When traveling, the quick-change date and GMT functionality are useful for telling the time back home, and a simple wrist check is easier than pulling out a phone. The watch also captures the spirit of the often-romanticized ‘50s Rolex GMT, originally developed in the 1950s for commercial Pan Am pilots.

I have an old “Root Beer” ref 16753, but the newer model is more robust and still maintains some of the vintage aspects, including drilled lug holes and the aluminum bezel.  The “Pepsi” of course is a classic, but there is something about the red and black that I have always gravitated towards.  It is just different enough to make it stand out but still retains that timeless appeal of the classic bi-color bezel formula. 

How has your interest in watches evolved over time?

South African Tudor Submariner

My personal interest in watches has evolved greatly over the past year as my collection has expanded. My collection and my interest grew together in tandem.  I’m still interested in modern tool watches, but have gone down the vintage military-issued watch rabbit hole.  I recently acquired a South African issued Tudor Milsub ref 7016 and a US Navy UDT/SEAL-issued Tudor 7928.  Both of these watches are “grail” pieces for me, and for the time being I am satisfied and have so much history to learn and uncover when it comes to the pieces I already own.  I will continue to be on the lookout for unique watches with military provenance.  There is something special about owning a piece of history and being able to wear it on your wrist.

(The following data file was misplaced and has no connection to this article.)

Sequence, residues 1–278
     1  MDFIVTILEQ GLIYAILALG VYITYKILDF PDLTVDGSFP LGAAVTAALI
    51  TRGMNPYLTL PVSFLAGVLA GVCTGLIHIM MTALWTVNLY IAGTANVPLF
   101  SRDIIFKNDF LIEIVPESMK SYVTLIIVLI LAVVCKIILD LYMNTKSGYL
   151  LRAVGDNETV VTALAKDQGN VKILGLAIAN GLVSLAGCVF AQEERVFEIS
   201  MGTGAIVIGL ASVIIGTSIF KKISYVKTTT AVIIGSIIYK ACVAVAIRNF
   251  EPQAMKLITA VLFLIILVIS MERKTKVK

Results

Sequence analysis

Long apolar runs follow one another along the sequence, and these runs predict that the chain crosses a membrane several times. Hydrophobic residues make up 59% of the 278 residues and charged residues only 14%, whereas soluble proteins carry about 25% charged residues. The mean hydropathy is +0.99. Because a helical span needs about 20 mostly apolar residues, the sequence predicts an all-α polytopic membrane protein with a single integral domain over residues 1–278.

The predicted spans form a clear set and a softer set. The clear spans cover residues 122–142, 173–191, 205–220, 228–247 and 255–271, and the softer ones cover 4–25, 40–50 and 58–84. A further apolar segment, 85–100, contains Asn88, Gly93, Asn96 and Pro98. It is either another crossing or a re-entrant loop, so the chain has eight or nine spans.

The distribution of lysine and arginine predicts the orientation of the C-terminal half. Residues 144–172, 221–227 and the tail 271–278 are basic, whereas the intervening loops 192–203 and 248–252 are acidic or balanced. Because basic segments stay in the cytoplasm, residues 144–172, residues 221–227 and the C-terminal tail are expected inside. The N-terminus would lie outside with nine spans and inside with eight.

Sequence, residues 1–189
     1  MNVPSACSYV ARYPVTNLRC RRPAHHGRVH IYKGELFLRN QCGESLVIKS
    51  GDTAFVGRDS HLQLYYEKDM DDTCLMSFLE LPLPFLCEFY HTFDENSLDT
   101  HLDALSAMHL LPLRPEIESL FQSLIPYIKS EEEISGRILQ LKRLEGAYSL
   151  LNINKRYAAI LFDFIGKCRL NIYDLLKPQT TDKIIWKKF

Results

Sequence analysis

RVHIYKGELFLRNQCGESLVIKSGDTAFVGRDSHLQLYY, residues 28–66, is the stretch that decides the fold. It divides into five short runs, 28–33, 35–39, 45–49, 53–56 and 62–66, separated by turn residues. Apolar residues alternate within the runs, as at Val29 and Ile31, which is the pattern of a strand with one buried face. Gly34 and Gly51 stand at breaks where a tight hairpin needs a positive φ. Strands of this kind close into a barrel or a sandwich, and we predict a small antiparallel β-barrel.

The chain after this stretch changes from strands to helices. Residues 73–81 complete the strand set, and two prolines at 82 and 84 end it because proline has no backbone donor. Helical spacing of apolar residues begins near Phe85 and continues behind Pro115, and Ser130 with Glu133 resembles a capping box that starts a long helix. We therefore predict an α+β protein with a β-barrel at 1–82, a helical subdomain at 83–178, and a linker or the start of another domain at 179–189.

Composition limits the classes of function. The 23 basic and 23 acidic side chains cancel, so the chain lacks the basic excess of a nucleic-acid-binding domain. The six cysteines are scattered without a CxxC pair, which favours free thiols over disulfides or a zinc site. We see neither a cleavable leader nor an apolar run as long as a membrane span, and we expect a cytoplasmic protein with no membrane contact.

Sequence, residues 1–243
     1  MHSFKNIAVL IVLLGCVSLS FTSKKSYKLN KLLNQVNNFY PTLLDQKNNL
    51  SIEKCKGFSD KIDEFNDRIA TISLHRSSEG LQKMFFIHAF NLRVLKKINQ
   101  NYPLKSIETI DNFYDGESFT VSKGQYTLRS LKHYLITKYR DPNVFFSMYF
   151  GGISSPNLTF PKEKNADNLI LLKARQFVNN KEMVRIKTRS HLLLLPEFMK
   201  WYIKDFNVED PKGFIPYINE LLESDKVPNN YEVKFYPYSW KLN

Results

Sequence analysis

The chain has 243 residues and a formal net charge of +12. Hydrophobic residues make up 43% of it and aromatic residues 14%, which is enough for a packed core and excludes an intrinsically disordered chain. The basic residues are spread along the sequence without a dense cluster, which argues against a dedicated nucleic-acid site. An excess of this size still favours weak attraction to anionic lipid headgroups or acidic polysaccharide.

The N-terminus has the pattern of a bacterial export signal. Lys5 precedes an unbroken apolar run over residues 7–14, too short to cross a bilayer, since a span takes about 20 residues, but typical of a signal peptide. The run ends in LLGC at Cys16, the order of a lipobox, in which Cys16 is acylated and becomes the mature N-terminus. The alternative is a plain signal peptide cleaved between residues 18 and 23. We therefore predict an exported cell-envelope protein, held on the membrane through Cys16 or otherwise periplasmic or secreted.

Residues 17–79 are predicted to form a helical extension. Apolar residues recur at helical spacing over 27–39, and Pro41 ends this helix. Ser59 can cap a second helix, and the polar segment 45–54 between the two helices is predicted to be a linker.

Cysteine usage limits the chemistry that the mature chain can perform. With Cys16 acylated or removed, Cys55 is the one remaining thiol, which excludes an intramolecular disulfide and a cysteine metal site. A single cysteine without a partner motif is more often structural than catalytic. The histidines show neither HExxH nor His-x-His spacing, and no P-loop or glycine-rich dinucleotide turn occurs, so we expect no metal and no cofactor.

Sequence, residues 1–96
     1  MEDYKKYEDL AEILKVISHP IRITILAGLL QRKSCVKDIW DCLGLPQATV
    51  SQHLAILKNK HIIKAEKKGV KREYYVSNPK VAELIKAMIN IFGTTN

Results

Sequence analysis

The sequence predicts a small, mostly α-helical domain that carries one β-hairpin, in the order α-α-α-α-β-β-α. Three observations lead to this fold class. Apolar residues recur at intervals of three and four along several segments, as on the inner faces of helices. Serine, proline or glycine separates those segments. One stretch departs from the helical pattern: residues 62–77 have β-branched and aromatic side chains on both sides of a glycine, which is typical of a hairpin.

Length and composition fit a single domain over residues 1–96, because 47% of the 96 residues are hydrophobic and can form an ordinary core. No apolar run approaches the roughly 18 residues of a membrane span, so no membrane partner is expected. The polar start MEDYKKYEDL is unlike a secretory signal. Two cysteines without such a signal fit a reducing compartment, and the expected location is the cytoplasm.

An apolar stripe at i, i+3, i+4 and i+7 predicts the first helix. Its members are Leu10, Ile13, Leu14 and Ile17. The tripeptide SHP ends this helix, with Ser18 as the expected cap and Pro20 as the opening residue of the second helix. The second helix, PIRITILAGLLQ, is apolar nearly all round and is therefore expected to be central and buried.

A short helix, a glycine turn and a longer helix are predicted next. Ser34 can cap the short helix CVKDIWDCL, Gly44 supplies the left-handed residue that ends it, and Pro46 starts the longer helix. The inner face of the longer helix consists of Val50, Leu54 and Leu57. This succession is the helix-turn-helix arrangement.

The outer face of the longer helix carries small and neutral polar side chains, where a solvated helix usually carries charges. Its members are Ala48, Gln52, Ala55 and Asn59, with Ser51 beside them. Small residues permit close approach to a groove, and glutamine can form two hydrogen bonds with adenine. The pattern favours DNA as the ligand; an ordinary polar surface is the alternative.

What are your thoughts on watch modifications?

I have never modified a watch before, but this is something I would really like to explore in the future.  The idea of taking a Tudor Black Bay 58 or an Arabic Seiko as a blank canvas and personalizing it is incredibly intriguing.  This is still a controversial practice for much of the traditional watch community.  George Bamford originally made a name for himself by customizing Rolex watches into unconventional designs, much to the chagrin of the Swiss luxury brands.

Bamford Custom Commando Rolex
Customized “Commando” Rolex Submariner (Bamford Watch Department)

That said, I am not attracted to customizing a timepiece to look like another timepiece, aka a “Homage” customization.  If this makes you excited, then I am happy for you, but it is not for me.